Hillary wants to raise the minimum wage to $12 an hour.  This still represents a large and substantial increase, but precludes many of the unemployment worries caused by Bernie’s plan.  The difference between the two plans – Bernie’s desired wage is 33 percent higher than Hillary’s – has a real impact: It raises business costs by at least that amount.  To offset the costs, firm will either layoff workers and/or raise prices.  A $12 minimum wage lifts millions out of poverty without creating the unemployment and inflation caused by a $15 wage.  It respects the cost of living differences between states and encourages municipalities, like New York and San Francisco, to update policy on their own terms.  The national minimum wage, as Hillary understands, should be set at the lowest common denominator; wages should be raised to higher levels by the government closest to the people whom the wage will impact.  They are in a better place to make that decision.  Hillary, and not Bernie, understands that.

A lot of policies can be made on the national level; this is not one of them.

Free College

College is an investment.  Students decide whether to go to college to boost potential earnings.  Like any investment, they must have skin in the game.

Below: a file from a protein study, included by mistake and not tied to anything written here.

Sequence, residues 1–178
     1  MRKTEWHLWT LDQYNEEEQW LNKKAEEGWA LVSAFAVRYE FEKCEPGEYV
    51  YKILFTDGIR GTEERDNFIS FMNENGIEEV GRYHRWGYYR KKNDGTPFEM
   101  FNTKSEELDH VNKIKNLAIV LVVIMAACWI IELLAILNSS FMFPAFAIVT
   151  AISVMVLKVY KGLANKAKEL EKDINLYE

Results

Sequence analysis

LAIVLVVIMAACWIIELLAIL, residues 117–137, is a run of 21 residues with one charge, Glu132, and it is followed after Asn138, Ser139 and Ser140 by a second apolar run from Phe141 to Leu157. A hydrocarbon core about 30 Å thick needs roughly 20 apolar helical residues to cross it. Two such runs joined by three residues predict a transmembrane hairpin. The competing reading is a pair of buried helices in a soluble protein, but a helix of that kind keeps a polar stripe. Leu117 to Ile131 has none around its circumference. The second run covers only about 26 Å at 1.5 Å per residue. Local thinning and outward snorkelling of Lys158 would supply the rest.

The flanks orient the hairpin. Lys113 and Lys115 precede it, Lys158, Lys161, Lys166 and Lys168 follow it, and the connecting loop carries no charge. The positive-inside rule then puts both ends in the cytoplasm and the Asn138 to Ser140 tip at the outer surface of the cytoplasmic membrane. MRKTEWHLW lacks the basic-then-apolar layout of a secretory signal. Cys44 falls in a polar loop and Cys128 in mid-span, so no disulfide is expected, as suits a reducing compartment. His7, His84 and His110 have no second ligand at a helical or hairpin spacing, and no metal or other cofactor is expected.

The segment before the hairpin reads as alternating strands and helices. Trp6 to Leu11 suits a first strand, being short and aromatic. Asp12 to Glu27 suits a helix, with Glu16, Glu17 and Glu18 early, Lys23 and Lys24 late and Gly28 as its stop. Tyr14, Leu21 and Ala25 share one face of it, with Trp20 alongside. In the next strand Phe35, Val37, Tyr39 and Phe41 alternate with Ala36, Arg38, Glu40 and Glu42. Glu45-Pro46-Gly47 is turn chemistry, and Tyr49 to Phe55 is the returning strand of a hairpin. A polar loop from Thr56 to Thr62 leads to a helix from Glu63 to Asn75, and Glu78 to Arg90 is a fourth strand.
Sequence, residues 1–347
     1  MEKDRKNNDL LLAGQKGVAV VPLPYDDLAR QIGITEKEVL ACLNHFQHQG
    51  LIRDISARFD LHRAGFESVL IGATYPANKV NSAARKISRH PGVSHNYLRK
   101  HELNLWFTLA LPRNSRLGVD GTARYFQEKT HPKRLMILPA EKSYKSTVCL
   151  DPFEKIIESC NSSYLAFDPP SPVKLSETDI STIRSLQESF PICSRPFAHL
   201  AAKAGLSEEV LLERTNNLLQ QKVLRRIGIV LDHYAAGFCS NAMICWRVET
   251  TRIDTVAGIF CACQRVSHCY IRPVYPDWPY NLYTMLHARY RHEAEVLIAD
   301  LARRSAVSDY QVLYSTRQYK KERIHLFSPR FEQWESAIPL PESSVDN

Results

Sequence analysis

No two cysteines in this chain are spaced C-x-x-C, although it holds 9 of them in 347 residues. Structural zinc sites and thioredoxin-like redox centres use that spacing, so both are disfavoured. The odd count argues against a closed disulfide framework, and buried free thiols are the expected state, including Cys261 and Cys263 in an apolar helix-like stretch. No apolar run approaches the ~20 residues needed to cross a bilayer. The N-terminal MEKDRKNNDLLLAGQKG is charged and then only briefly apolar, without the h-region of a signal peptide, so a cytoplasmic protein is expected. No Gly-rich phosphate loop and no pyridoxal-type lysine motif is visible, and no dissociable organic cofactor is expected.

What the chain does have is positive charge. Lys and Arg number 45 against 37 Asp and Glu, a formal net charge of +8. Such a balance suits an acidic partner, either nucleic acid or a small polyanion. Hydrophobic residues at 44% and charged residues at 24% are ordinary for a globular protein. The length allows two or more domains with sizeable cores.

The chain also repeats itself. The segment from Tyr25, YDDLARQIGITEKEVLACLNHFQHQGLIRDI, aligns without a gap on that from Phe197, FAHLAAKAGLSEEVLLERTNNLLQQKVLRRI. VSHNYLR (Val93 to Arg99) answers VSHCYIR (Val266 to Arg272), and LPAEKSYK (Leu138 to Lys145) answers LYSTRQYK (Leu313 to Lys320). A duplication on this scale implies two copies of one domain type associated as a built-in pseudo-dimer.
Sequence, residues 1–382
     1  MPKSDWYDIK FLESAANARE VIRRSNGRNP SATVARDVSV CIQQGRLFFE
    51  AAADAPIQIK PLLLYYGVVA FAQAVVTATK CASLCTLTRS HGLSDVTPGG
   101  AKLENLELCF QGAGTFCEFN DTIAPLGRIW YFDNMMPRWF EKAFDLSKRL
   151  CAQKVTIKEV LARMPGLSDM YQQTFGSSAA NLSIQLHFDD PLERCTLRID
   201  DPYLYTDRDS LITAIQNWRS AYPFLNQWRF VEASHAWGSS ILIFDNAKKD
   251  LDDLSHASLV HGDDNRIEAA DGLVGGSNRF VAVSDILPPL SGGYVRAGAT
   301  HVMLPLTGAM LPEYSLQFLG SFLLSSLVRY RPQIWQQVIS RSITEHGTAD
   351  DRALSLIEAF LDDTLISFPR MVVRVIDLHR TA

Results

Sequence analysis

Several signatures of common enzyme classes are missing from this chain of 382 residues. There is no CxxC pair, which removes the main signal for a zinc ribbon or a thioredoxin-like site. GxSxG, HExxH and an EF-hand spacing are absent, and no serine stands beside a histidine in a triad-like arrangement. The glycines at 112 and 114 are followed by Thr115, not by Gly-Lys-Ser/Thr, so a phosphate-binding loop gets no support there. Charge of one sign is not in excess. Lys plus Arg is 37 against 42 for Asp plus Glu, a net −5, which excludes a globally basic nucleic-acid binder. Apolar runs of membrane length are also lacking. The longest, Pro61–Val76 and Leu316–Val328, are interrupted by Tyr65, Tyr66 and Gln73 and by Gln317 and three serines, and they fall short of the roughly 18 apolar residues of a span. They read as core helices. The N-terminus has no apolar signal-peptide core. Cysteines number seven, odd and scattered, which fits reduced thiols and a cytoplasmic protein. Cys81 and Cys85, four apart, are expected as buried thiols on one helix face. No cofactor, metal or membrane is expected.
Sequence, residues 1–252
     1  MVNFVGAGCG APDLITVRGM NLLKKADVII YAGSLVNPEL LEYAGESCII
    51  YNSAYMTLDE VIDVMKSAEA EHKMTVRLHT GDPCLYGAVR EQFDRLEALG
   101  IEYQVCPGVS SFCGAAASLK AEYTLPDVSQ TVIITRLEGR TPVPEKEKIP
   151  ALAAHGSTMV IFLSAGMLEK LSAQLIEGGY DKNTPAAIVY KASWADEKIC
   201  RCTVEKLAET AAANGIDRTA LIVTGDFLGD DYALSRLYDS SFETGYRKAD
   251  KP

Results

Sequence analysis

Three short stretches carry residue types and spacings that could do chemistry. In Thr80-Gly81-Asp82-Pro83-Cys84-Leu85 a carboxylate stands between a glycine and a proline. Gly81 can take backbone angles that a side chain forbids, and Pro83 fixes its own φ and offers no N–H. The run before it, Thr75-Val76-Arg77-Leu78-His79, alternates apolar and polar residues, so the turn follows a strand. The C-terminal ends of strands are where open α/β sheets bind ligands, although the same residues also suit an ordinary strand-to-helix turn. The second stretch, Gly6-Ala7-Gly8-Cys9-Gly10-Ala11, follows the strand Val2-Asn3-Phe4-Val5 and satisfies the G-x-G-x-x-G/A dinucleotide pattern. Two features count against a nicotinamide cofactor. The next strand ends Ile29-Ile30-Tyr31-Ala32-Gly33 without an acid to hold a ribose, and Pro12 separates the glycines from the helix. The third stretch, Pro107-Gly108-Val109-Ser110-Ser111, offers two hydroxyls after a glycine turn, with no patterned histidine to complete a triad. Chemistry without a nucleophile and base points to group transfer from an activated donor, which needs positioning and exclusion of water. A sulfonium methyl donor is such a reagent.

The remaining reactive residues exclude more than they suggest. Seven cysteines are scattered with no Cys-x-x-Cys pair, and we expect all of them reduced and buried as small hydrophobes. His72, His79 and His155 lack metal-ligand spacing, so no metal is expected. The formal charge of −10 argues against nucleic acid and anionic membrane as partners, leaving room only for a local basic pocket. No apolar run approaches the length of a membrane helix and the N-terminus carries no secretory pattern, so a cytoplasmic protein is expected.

College should not be free for everyone.  It should be affordable and students should have the opportunity to attend debt-free, but the government should not subsidize a public college education for all its inhabitants (also irresponsible to raise taxes only to redistribute them to the children of wealthy parents).  His plan relies on Wall Street taxes, but that would not raise enough money to pay for the plan.  How would he fill the gap?  Similarly, ideas capping interest rates on student loans are nonsense.  Many are upset that one can get a mortgage with a cheaper interest rate than a student loan.  This makes economic sense.  Loans are based on risk.  Students are risky.  Even after earning a degree, earning potential might be low.  Unlike a mortgage, which is backed by a house (a real, physical asset), student loans have no backing.  A bank cannot seize a degree in the case the student does not repay debts.  The risk associated with student loans leads to higher interests rates.  That’s not a corrupt economy; that’s basic market principles.